Britain could be experiencing negative-net migration among Eastern Europeans despite figures published November 15 by the Office for National Statistics (ONS) recording the highest number of EU citizens working in the UK on record.
Mr. Robert McNeil of Migration Observatory at the Oxford University told Sputnik a closer look at the figures shows a decline in net-migration from the EU8 countries that could be attributed to the Brexit result.
The countries of the EU8 comprise Poland, Latvia, Lithuania Czech Republic, Hungary, Estonia and Slovenia and have accounted for a significant proportion of EU migration to the UK since their accession to the bloc.
"There has been a very significant reduction in migration from the EU8 countries, it has fallen from around 40,000 a year to around 7,000 a year. The margin of error is actually about 14,000 so you may actually be seeing negative net-migration," Mr. McNeil told Sputnik.
In its findings, the ONS showed the number of European Union citizens actively working in Britain has continued an increasing trend over the past several years, reaching around 2.38 million as of September 2017, the highest number since records began two decades ago. The figure is an increase of 112,000 from the same period in 2016.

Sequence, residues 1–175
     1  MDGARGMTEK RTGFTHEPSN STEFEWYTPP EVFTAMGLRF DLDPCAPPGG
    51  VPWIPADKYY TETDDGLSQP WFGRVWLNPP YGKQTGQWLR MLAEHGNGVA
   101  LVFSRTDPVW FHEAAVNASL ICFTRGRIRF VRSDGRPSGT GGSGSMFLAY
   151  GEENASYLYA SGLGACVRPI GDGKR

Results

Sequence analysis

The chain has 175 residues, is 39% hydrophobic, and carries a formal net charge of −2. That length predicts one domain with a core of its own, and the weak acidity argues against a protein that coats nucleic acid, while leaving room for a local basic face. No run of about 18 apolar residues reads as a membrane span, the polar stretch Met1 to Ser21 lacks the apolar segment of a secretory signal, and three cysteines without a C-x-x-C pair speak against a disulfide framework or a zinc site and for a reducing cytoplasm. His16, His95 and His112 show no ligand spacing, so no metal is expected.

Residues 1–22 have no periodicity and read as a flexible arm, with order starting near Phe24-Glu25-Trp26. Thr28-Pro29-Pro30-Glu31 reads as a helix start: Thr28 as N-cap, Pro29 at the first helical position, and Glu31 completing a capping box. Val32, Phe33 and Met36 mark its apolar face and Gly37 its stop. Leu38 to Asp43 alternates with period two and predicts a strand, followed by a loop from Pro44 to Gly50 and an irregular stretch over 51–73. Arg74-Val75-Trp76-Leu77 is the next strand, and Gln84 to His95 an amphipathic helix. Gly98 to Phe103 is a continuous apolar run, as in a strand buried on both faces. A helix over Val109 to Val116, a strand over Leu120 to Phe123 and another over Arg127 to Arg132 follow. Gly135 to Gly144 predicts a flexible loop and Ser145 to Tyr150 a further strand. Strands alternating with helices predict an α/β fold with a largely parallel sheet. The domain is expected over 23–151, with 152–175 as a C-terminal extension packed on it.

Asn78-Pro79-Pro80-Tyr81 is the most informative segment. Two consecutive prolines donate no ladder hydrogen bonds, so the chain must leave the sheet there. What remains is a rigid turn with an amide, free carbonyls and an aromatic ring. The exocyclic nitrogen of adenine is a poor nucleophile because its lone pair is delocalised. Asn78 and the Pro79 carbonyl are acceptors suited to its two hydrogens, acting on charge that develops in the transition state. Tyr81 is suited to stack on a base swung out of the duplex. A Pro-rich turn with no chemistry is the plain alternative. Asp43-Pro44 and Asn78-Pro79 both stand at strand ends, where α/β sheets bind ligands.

"The number of non-UK nationals in work is still rising albeit more slowly than in the last couple of years. However this is being driven by EU citizens working in the UK, the number of non-EU nationals working in the UK has fallen in the last year," Matt Hughes senior statistician at the ONS told Sputnik.
The information comes amid widespread fears in the aftermath of the June 2016 referendum result that Brexit would lead to an exodus of European citizens due to uncertainty over their immigration status once the UK leaves the European Union.